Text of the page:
Normal and Stable Intestinal Microbiota
Help prevent bacterial overgrowth or GI infections and antibiotic-associated diarrhea.
Effective Immune Status
Keep effective GI barrier function with normal levels of IgA, normal activity of immune cells and immune tolerance.
Status of Healthy Guy
A balanced serotonin production and normal enteric nervous system function are essential for a normal quality of life.
Some several symptoms and signs can indicate an unhealthy gut microbiome, including:
Stomach issues – Abdominal pain, diarrhea, constipation, bloating, and nausea can all be signs of something wrong with your digestive system. If you experience any of these symptoms, it is essential to speak with a medical professional.
Cravings – If you constantly crave sweet or sugary foods, it could be a sign that your gut bacteria is out of balance. An overgrowth of yeast can cause cravings for more sugar, so if you struggle to control your sweet tooth, it’s worth checking in with your doctor.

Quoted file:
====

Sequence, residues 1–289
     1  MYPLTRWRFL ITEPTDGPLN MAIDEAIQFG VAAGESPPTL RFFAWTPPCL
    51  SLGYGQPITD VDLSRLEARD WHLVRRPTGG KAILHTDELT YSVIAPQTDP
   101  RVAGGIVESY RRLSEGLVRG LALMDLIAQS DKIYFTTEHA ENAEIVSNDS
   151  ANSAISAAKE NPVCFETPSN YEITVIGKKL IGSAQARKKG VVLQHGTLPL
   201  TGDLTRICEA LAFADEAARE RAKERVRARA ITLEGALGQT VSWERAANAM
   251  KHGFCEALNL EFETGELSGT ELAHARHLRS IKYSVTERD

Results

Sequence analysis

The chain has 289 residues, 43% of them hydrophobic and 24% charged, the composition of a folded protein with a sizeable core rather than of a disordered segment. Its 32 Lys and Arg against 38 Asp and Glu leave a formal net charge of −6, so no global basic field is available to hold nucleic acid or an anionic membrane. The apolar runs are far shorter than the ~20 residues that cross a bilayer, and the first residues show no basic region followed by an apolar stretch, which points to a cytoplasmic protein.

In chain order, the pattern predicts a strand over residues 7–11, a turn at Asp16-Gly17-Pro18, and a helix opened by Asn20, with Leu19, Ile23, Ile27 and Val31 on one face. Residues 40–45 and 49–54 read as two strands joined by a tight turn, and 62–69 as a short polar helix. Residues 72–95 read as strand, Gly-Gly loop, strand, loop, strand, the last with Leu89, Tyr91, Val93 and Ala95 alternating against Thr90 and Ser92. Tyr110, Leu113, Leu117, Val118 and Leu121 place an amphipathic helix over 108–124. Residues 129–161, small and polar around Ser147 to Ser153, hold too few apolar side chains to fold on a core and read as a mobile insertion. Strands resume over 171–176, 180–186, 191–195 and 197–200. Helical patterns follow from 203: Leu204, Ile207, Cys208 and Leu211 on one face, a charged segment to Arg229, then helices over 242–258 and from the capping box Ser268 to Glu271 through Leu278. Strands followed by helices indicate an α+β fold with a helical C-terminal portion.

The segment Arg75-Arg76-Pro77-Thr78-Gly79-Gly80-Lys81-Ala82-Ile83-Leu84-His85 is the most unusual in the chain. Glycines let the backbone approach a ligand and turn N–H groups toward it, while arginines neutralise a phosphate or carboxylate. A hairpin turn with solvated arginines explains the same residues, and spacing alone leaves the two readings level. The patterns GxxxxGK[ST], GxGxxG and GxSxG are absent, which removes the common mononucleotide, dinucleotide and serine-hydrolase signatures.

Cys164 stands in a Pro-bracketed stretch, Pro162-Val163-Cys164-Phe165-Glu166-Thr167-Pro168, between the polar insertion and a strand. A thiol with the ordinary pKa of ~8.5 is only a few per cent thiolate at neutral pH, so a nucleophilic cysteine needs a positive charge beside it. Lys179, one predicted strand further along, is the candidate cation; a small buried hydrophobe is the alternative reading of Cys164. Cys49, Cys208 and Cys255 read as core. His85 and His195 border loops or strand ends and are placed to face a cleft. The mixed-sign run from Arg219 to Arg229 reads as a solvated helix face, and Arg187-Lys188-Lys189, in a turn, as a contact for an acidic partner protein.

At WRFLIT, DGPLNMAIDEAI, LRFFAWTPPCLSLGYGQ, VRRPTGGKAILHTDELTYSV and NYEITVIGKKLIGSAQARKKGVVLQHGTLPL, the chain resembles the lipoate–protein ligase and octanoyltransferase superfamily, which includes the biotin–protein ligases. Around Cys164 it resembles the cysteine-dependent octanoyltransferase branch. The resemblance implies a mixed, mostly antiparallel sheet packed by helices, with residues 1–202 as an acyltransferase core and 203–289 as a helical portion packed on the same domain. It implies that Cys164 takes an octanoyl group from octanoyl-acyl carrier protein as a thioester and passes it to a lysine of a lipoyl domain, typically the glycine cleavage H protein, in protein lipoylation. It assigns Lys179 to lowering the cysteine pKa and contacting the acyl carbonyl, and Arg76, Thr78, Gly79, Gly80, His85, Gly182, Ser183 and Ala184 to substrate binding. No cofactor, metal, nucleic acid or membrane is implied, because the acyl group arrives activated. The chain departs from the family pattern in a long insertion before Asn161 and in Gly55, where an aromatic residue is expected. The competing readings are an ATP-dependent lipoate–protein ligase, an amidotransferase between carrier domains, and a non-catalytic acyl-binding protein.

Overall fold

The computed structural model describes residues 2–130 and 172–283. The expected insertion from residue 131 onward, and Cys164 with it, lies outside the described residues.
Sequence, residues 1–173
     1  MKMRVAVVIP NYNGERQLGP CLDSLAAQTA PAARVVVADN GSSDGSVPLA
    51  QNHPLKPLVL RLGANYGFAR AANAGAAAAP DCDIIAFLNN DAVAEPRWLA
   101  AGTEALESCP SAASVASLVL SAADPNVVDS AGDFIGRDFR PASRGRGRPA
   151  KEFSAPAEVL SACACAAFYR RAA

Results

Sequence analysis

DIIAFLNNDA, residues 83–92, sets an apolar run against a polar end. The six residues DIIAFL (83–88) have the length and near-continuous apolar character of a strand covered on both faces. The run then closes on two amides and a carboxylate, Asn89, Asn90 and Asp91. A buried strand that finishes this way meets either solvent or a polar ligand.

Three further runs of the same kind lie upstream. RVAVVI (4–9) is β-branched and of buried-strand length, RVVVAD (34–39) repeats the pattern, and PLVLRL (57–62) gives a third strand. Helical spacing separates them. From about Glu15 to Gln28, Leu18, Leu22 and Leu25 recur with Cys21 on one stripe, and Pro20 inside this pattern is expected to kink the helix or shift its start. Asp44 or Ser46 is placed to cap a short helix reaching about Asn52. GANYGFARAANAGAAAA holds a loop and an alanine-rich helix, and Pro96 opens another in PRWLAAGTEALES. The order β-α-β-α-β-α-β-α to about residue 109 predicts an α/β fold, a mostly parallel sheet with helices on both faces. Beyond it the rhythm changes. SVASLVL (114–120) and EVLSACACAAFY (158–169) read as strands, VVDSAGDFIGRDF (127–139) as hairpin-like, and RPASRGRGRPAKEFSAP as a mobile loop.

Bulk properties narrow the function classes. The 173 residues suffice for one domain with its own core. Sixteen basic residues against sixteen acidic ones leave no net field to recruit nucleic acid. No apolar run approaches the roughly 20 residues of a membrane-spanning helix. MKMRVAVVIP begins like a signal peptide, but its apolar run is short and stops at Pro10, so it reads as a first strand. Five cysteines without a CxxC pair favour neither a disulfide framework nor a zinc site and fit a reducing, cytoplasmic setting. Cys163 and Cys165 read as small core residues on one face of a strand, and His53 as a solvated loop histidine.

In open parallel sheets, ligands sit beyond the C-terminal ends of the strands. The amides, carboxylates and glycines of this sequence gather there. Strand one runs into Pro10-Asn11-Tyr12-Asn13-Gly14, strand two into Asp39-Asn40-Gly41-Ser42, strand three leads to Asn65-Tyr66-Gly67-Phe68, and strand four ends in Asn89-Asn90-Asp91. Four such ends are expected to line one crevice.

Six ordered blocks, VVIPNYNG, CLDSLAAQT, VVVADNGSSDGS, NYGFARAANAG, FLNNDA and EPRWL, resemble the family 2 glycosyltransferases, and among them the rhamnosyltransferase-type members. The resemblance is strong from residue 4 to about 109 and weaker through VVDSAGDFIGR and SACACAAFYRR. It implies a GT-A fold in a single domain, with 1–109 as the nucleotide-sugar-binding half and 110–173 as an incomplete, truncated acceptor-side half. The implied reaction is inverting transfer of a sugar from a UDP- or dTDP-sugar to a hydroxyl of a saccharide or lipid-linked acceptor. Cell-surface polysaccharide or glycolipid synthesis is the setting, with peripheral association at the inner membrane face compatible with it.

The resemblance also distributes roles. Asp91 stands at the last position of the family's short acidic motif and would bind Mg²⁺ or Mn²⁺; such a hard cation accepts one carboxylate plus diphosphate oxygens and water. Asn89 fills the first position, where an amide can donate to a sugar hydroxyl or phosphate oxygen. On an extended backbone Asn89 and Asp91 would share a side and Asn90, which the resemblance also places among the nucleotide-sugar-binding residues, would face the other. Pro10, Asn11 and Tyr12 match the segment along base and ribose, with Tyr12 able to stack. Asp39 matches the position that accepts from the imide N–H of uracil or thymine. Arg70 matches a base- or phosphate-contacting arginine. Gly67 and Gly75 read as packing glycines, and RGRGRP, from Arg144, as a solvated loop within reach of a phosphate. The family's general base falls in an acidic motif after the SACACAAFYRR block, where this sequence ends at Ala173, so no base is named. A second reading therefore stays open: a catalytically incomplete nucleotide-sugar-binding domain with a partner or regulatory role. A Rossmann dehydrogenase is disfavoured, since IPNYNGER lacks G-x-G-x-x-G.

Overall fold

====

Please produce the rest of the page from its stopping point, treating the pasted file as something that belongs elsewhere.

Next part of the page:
Scale going up or down – If you cannot digest and absorb nutrients properly, you could see some weight loss. Other types of bacteria have been linked with weight gain.
Anxious – According to recent research, up to 90 percent of the neurotransmitter serotonin is produced in the gut. This important chemical affects mood, social behavior, sleep, appetite, memory, and even libido. Imbalances in the gut have been shown to trigger depressive-type symptoms.
Poor sleep – Chronic fatigue and fibromyalgia symptoms are linked with gut imbalances.
Skin issues – Skin rashes and eczema, a chronic condition characterized by inflamed and itchy red blotches on the skin, can develop when there is an imbalance in gut bacteria.